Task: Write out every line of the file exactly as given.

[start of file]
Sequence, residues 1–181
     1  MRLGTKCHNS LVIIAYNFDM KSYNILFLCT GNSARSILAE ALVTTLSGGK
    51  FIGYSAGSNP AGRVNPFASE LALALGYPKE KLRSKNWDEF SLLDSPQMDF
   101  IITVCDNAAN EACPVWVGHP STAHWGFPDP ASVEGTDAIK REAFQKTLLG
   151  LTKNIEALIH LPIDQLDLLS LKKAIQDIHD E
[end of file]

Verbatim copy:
Sequence, residues 1–181
     1  MRLGTKCHNS LVIIAYNFDM KSYNILFLCT GNSARSILAE ALVTTLSGGK
    51  FIGYSAGSNP AGRVNPFASE LALALGYPKE KLRSKNWDEF SLLDSPQMDF
   101  IITVCDNAAN EACPVWVGHP STAHWGFPDP ASVEGTDAIK REAFQKTLLG
   151  LTKNIEALIH LPIDQLDLLS LKKAIQDIHD E